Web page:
- Do not consume fish taken in Maribyrnong River upstream of Solomon’s Ford, Avondale Heights
- Avoid fishing, swimming or using water from Arundel Creek for stock watering. Pets should also be kept out of Arundel Creek.
Advice updated 17 April 2019
Environment Protection Authority Victoria (EPA) has extended its PFAS (per- and poly-fluorinated alkyl substances) advice for the Maribyrnong River and is advising people not to consume fish taken upstream from Solomon’s Ford in Avondale Heights or from all of Arundel Creek.
This advice applies to the freshwater part of the river only as testing of fish in the estuarine part of the river downstream of Solomon’s Ford showed these fish had lower concentrations of PFAS.
Previous precautionary advice against using Maribyrnong River water to irrigate land has been lifted following EPA testing. Restrictions on recreational uses (such as swimming and boating) of the Maribyrnong River have also been lifted.
EPA Victoria has been working in collaboration with Melbourne Water, taking samples of water, sediment and fish to test for PFAS in the Maribyrnong River. The samples were taken from near Anglers Tavern, Maribyrnong up to Deep Creek at Bulla.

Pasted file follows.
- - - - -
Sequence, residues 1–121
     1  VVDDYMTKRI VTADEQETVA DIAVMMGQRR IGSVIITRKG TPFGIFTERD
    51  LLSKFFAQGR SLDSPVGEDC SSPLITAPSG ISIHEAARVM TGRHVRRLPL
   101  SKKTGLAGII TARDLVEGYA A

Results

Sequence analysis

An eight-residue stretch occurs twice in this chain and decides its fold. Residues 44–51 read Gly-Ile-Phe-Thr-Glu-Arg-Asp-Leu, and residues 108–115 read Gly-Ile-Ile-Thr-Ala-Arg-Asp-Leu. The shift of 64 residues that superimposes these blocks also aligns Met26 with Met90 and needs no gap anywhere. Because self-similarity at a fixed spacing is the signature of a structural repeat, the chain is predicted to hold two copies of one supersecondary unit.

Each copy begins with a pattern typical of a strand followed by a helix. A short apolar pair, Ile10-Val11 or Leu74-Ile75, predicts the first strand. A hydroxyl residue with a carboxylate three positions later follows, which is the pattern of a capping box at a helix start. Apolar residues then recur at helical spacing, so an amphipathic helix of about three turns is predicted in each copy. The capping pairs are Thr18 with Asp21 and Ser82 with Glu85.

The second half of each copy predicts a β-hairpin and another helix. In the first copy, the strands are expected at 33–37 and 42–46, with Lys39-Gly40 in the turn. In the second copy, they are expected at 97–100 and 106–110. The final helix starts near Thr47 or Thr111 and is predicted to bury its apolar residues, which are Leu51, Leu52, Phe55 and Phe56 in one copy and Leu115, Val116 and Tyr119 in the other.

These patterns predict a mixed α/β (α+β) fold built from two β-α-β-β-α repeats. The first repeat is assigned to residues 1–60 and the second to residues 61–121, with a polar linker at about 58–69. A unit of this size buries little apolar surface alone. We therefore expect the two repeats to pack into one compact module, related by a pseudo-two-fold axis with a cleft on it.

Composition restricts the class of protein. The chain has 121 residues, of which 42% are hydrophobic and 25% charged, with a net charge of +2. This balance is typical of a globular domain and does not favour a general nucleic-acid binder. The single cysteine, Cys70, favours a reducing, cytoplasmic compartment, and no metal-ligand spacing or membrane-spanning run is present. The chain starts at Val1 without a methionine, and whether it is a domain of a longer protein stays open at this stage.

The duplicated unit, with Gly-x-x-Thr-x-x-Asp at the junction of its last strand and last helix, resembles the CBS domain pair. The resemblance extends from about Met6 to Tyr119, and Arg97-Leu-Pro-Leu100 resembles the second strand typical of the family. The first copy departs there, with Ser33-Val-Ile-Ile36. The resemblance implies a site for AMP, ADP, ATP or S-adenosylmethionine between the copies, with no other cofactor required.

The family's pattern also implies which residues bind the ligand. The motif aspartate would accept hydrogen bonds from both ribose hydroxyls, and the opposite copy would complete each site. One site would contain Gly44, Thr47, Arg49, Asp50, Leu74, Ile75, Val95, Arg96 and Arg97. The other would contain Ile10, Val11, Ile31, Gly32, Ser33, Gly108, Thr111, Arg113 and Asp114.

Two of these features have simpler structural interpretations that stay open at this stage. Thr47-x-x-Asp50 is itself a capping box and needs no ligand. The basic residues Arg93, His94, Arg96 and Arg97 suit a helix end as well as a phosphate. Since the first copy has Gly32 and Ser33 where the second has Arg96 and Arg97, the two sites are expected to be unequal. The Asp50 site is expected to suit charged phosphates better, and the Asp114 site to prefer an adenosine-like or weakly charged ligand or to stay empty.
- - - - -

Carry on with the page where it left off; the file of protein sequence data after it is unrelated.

Analysis of Melbourne Water and EPA’s samples shows that there is no need for restrictions on the river for irrigation and recreational purposes such as swimming and boating.
However, due to unacceptable levels of PFAS in the fish tested, EPA recommends people not to consume fish caught in the Maribyrnong River upstream of Solomon’s Ford, Avondale Heights to Deep Creek at Bulla and within all of Arundel Creek.
This advice is in addition to existing advice from EPA to restrict consumption of fish in the lower (estuarine) Maribyrnong River due to elevated concentrations of PCBs.
Advice to avoid fishing, swimming or using water from the creek for stock watering continues to apply to Arundel Creek, a tributary of the Maribyrnong River which drains Melbourne Airport. Pets should also be kept out of the water there.
The advice does not apply to Jacksons Creek and Steele Creek.
Normal drinking water supplies are not affected.
EPA has formed a multi-agency working group including Melbourne Water, Southern Rural Water, Department of Health and Human Services, Agriculture Victoria, Victorian Fisheries Authority, and Department of Environment, Land Water and Planning and relevant councils. This working group has been reviewing the findings from the testing of water, sediment and fish to better understand any public health risks that exist in the waterways.
EPA continues to work with Melbourne Airport and Airservices Australia to manage the source of the PFAS to these waterways.